Building a fault-tolerant firewall system with virtual machines: Network configuration using systemd


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Almost any network configuration can be done using commands in the iproute2 package. For example, you can run the command below to rename the enp0s2 interface to eth0:

sudo ip link set enp0s2 name eth0

This can be done automatically at machine startup by running a service with file contents like this:

[Unit]
Description=Naming interface
After=network.target

[Service]
Type=oneshot
ExecStart=/usr/sbin/ip link set enp0s2 name eth0
RemainAfterExit=yes

[Install]
WantedBy=multi-user.target


The commands below set up bridge br0 and display the vlan configuration information. This bridge can join vlan 100 with traffic including only tagged packets

sudo ip link add br0 up type bridge vlan_filtering 1
sudo bridge vlan add vid 100 pvid dev br0 self
sudo bridge vlan del vid 1 dev br0 self
sudo bridge vlan show



However, a convenient way is to use systemd. The firewall machine needs three network interfaces with different functions. There are six configuration files located in the directory /etc/systemd/network


The contents of the file 00-eth0.link are as follows:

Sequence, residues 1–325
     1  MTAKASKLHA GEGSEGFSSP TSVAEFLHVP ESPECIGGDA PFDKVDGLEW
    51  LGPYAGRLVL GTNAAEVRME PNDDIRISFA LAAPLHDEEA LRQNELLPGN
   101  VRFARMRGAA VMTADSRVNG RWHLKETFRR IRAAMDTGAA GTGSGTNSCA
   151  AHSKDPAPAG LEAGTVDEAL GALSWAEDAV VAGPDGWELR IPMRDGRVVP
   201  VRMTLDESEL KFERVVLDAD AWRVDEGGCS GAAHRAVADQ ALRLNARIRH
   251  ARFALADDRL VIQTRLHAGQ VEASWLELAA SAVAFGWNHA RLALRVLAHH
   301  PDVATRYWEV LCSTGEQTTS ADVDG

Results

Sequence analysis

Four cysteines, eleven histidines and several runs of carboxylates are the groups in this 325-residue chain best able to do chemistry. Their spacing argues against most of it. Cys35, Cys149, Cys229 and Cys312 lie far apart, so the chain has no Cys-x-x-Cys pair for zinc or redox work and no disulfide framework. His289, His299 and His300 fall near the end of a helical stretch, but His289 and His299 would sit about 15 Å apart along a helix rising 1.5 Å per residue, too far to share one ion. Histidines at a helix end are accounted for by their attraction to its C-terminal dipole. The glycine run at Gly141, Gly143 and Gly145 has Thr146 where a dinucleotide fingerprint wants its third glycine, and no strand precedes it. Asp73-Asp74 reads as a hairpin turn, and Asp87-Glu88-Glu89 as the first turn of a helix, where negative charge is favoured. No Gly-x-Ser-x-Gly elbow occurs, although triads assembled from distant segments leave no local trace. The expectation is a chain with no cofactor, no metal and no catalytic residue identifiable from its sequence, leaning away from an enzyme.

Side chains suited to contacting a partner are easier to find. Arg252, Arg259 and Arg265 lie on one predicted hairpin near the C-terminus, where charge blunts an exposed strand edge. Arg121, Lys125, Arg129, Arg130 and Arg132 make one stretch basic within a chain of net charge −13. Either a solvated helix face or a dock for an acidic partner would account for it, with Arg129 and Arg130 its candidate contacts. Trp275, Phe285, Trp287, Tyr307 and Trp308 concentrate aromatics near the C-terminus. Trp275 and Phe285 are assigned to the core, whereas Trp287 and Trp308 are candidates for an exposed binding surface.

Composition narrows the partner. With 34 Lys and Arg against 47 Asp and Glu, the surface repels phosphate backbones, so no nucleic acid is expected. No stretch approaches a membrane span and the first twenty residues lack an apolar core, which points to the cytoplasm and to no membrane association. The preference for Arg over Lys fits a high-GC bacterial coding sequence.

[Match]
MACAddress=12:34:56:78:9a:01

[Link]
Name=eth0

Normally ethernet interfaces have names such as enp0s2. The above configuration file talks to systemd that we want the first interface with the mac address 12:34:56:78:9a:01 to be assigned the name eth0. The same goes for the files 00-eth1.link and 00-eth2.link. As a result we have interfaces eth0, eth1 and eth2. That makes it suitable for the design scheme and uniform in the tasks related to network interface names such as firewall work, HA system configuration, packet filtering tracking system configuration, network address translation. So all network interfaces need to define mac address when creating the virtual machine.

The contents of the file 10-eth0.network are as follows:

[Match]
Name=eth0

[Network]
DHCP=yes

The interface eth0 uses the DHCP service to assign IP address automatically.

The contents of the file 10-eth1.network are as follows:

[Match]
Name=eth1

[Network]
Address=192.168.2.1/24

The interface eth1 is assigned the static address 192.168.2.1. This interface is designed to be located at the default gateway (but not always) of the 192.168.2.0/24 network, ie that of the client. The term "client" here is in the context of the firewall system, not to be confused with client accessing remote virtual machine in the host-guest-client relationship.

The file 10-eth2.network is similar to the file 10-eth1.network:

[Match]
Name=eth2

[Network]
Address=192.168.100.100/24

The interface eth2 is used to synchronize information between two firewalls.

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